Q: What do the words nacelles, scrimshaw, and crenellated have in common? How about billet, perianth, and heliodor?
A: They all make surprising appearances in Hymn for the Black Terrific, a collection that stimulates both mind and ear with its impressive, lexical reach. For instance, “If you were scrimshaw, & this the Arctic loop with miles to climb.” For instance, “Mark that each of your hands is a perianth of light.” Petrosino hears the music in our language and makes every word sing.
Q: Is there a representative poem in this collection, one that epitomizes the poet’s singular voice?
A: Petrosino has composed a postmodern hymn, and while it is distinctive in sound and quality (her poems are strikingly non-derivative), there is in fact a chorus of voices here. No single poem, no single voice within a poem, captures sufficiently her complex score. The collection forms a gestalt in which forty-one lyrical and enigmatic cantos culminate in a provocative canticle that surpasses the sum of its parts.
In “Personal Style Monologue,” the speaker-singer playfully enumerates the dichotomies of our time. This is a ditty for our zeitgeist, a gusty diagnostic of the culture at large and in motion.
The doctor is in. Martinis are out….
Bacon is in. Sparkles are in.
Elbows are in. Wasp waists are in….
Time travel is in. Going out is out.
To be in is out. To be out is still out.
Blondes are in. Blades are in.
Vampires are in. Gullets are out.
In “Nocturne,” her song turns tender, melancholic, a hot kernel of narrative burning at the heart of the poem:
Last night, the one I loved
before you went before me, walking
with his bride.
I followed with my broken
feet & coat unlatched. He called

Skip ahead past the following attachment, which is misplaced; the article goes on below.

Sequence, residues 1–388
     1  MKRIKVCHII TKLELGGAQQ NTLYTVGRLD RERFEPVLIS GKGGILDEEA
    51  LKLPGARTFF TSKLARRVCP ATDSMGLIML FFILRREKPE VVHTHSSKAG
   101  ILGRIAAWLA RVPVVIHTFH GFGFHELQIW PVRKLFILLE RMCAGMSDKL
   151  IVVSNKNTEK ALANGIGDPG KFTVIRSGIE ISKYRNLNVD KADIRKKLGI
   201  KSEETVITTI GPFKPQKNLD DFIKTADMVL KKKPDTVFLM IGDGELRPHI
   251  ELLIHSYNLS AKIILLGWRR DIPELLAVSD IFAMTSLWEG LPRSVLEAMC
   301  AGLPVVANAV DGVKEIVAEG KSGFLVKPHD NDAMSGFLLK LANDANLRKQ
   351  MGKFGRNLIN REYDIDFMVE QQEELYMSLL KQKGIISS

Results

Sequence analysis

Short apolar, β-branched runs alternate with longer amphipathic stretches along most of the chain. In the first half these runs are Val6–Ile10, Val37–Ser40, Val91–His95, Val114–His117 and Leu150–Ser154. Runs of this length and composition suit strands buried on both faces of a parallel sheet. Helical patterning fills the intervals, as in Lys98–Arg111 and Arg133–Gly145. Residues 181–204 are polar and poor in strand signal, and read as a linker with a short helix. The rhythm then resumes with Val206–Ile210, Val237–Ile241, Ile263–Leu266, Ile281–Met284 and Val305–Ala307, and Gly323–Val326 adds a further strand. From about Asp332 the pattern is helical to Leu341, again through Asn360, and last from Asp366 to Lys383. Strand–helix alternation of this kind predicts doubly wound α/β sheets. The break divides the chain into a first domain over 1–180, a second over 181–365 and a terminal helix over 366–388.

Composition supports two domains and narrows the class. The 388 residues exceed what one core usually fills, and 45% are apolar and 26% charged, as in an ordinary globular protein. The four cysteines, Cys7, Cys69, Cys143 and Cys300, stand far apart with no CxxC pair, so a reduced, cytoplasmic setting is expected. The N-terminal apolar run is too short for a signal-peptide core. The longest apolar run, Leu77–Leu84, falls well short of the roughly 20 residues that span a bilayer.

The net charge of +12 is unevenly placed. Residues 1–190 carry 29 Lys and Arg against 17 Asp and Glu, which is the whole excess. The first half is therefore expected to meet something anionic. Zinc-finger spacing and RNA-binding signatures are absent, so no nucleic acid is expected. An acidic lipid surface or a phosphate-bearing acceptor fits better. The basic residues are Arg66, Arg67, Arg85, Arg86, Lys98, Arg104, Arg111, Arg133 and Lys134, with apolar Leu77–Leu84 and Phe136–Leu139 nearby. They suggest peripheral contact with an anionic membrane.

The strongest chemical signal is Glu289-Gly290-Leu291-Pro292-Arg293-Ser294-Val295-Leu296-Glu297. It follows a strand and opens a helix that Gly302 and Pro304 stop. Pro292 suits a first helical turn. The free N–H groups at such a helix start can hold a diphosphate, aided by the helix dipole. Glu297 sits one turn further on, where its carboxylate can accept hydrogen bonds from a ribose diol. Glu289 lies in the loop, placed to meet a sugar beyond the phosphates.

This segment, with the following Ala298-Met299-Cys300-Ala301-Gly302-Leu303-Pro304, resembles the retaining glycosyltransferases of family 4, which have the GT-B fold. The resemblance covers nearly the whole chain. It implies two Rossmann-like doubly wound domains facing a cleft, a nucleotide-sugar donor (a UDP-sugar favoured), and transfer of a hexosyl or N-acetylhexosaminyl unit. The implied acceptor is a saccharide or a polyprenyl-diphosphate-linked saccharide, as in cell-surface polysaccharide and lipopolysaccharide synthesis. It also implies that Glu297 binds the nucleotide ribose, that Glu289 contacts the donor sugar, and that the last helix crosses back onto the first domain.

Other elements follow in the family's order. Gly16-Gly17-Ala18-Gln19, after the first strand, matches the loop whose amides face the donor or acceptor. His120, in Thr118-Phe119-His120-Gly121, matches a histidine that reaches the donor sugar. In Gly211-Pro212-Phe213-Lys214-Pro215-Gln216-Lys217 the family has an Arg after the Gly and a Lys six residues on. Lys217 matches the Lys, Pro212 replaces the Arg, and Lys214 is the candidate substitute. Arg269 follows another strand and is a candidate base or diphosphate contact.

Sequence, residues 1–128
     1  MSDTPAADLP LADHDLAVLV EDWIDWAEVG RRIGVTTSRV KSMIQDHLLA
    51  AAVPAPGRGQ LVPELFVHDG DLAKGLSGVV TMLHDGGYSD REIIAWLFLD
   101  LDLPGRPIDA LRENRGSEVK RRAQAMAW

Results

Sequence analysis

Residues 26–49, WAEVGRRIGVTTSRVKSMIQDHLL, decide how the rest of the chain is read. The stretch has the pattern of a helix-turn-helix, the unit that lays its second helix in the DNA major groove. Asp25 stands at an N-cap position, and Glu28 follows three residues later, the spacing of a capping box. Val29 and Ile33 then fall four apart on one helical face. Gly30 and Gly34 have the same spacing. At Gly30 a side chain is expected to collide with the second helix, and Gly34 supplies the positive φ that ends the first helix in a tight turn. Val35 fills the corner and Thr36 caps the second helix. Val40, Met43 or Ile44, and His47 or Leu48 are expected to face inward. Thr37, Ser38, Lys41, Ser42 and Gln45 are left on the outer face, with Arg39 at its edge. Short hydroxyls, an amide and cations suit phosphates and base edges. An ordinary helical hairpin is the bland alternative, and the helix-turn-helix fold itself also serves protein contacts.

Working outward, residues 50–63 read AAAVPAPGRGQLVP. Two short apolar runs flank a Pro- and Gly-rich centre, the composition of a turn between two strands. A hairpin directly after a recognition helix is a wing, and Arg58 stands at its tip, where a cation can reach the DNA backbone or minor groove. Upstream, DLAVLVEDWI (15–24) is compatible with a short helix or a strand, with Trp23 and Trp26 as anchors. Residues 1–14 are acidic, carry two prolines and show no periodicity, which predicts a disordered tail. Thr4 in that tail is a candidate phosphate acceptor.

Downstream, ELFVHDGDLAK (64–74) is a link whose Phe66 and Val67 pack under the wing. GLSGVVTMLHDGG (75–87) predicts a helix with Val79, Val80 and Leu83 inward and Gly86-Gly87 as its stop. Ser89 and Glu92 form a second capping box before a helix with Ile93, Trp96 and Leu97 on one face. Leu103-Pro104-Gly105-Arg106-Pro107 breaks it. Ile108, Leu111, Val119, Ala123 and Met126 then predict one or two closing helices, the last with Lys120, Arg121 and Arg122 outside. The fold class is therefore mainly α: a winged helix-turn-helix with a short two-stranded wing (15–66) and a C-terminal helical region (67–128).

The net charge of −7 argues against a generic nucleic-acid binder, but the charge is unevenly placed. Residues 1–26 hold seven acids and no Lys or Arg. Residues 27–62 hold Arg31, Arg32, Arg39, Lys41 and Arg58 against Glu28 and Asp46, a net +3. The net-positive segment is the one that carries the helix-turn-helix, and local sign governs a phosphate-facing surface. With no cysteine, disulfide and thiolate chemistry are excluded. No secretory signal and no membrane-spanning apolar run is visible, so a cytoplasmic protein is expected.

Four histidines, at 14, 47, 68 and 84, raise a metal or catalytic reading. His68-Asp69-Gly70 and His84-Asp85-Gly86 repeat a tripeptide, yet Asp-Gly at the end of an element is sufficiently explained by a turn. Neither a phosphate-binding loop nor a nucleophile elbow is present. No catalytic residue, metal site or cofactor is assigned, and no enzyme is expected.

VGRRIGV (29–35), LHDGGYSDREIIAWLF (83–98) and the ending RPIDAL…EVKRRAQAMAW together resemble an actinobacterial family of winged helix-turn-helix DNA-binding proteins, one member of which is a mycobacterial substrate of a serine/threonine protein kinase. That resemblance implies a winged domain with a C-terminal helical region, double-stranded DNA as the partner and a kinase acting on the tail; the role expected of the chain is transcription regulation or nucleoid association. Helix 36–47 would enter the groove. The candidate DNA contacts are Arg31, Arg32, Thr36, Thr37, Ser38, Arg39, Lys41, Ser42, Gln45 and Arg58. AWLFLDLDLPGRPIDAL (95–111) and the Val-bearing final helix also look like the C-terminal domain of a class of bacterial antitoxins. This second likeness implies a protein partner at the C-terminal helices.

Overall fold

her cake & coin & wing
& told her of a place so high
the pines grow small
In “Moon-Wrapped Fragrant Spareribs,” the anthem morphs into parable, set outside of time, replete with image-wisdom and oracular commands:
Happy is that eater who rules by the cyclone of her face. By the syrup of her eye shall she drown the clanging earth. […] Therefore, lament neither the appetite that dismasts your cities, nor the emerald in her gut that spins. I tell you, the eater is more terrible than all your needlework of lemongrass, purer than aluminum the eater’s hum at eventide.
Q: A hymn is typically written in honor of something. What is “the black terrific”? What else does Petrosino praise in this volume?
A: The phrase “the black terrific” refers to a description of Ahab in Melville’s Moby Dick. In the title poem, this allusion immediately breaks down and spreads out, like a vial of mercury cracked. “With this spell, I conjure you,” the speaker-singer begins. This you, this black terrific, is by turns “magic swamp,” “secret smoke,” “kayak-shape,” and “key.” It is a shape-shifter, a riddle, a fascination. She inquires, “Are you my son? Are you my smallest rib?” She proclaims, “You’re dear to me as sleep or fire.”